On June 29, 2017, Hydro and MMF finalized an unsigned term sheet which would resolve the matter (Term Sheet). The Hydro Board later authorized the negotiation and execution of an agreement on substantially the same terms as the Term Sheet. MMF took the position that this was a completed agreement; Manitoba and Hydro disagreed. This disagreement about the effect of the Term Sheet resulted in threats to commence legal action.

On March 21, 2018, the Provincial Cabinet relied on The Crown Corporations Governance and Accountability Act and directed Hydro not to proceed with the Term Sheet “at this time” (the Cabinet Directive). On the same day, nine of 10 Hydro board members resigned.

Following the Cabinet Directive, the parties could not reach an agreement regarding the new disputed project and the Government of Manitoba terminated the initial Agreement. MMF commenced a judicial review and asked the Court to set aside the Cabinet Directive.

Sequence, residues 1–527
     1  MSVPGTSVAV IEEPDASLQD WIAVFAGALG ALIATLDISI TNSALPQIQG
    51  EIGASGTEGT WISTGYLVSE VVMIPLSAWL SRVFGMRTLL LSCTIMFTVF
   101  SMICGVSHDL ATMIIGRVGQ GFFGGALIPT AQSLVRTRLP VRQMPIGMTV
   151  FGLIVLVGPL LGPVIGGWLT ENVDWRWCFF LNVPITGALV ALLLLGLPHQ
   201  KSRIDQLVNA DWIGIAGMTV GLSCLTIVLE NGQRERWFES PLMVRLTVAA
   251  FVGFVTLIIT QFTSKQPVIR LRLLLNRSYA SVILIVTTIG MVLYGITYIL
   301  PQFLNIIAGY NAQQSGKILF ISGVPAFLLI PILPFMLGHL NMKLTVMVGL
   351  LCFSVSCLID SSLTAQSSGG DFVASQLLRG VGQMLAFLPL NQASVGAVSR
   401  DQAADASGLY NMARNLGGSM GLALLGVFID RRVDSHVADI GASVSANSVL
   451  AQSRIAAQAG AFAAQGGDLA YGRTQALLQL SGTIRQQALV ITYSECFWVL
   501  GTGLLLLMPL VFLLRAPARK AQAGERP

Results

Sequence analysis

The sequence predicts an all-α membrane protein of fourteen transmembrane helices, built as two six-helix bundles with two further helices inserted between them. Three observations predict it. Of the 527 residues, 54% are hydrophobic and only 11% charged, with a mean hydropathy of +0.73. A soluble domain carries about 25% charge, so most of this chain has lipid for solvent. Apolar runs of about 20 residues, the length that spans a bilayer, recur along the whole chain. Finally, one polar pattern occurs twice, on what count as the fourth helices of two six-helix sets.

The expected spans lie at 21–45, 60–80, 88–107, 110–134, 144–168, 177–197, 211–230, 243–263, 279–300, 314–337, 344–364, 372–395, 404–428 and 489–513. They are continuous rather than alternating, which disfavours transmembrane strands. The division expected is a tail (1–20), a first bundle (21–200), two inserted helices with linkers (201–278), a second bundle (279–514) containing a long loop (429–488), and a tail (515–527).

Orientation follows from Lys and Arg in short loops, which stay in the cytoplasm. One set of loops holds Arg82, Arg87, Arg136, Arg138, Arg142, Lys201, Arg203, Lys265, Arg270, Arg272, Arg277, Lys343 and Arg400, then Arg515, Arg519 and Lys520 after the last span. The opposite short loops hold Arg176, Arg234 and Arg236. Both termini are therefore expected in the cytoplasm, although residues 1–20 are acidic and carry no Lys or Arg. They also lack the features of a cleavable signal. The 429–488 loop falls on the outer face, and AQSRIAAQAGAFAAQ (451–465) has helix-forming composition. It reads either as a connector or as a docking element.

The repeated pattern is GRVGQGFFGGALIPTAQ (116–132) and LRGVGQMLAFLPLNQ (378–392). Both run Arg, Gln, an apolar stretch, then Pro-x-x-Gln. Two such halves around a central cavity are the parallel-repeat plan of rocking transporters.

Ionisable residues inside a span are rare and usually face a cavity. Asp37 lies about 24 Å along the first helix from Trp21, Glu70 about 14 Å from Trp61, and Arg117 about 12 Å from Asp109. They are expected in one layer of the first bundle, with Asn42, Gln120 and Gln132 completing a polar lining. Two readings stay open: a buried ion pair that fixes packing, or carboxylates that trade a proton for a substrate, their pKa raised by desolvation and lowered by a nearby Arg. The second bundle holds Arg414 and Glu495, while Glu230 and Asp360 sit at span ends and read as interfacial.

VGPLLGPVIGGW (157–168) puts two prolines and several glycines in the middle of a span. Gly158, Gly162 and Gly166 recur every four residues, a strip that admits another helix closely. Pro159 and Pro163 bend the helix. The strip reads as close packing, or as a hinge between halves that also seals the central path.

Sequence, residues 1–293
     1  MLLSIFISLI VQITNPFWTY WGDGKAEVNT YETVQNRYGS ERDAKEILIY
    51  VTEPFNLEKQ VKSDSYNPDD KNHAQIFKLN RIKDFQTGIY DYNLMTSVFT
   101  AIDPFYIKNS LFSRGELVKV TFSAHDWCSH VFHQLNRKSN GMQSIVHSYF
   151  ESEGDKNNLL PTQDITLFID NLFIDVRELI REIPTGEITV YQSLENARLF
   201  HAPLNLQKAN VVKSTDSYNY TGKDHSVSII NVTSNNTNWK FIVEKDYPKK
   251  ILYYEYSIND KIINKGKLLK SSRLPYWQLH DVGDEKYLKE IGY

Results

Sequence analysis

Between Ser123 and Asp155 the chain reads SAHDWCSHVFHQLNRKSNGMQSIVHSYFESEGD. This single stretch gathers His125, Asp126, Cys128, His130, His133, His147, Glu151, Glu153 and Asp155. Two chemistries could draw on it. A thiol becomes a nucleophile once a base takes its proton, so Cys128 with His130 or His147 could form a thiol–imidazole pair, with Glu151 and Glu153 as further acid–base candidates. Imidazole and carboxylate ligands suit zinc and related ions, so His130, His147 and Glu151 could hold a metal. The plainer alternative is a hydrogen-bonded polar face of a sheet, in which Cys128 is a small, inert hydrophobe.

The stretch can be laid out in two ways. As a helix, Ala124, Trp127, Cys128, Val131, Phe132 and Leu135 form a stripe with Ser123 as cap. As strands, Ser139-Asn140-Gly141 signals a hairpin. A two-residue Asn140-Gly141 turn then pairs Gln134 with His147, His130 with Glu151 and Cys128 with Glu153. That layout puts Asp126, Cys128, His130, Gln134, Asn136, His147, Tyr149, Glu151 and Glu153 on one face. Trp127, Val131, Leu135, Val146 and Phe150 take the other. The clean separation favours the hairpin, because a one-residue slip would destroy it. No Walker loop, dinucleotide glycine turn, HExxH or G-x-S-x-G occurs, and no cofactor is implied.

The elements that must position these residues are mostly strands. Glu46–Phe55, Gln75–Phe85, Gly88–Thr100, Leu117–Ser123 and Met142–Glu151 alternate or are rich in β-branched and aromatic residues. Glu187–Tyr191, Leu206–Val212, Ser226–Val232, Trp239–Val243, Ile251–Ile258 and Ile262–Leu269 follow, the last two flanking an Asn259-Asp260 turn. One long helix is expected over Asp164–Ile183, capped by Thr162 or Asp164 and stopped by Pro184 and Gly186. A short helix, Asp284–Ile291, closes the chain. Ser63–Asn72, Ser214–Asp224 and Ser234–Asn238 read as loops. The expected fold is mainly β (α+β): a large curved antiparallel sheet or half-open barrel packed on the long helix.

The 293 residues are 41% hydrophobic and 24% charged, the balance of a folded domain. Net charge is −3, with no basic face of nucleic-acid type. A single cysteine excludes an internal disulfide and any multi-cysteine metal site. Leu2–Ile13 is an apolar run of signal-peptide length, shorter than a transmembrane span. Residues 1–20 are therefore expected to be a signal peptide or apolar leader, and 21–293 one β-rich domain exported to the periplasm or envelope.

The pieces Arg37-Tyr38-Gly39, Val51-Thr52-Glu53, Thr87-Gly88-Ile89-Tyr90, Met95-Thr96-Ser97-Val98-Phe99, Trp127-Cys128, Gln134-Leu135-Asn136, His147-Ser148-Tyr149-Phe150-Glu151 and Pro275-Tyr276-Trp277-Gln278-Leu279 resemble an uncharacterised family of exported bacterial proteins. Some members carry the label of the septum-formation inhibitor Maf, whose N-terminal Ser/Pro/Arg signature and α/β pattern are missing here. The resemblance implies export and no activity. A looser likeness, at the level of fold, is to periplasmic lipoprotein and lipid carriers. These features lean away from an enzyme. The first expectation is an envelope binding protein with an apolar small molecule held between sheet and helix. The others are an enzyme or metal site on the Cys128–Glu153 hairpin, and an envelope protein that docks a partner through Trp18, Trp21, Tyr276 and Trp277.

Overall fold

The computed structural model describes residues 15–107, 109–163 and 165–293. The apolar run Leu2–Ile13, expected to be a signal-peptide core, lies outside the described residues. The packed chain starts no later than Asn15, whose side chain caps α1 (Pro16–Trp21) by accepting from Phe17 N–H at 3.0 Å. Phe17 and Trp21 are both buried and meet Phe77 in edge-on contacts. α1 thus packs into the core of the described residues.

Court of Appeal Holds the Agreement Between Manitoba Hydro, the Province and MMF is an Accommodation Agreement

In short, the principle of the honour of the Crown requires Provincial and Federal Governments to deal honourably in their dealings with Indigenous peoples. The Crown’s duty to consult and accommodate the rights of Indigenous peoples before taking actions, such as authorizing a project, that could impact those rights, flows from the honour of the Crown.

MMF argued that the Agreement was an accommodation agreement that arose from the duty to consult and therefore engaged the honour of the Crown. MMF said that, because the Term Sheet arose from the Agreement and the Cabinet Directive potentially affected Métis rights, Manitoba had a duty to consult before issuing the Cabinet Directive.

Manitoba and Hydro argued the Agreement was not a reconciliation or accommodation of any Aboriginal right. They argued that any duties that arose from the Agreement were contractual, not constitutional in nature.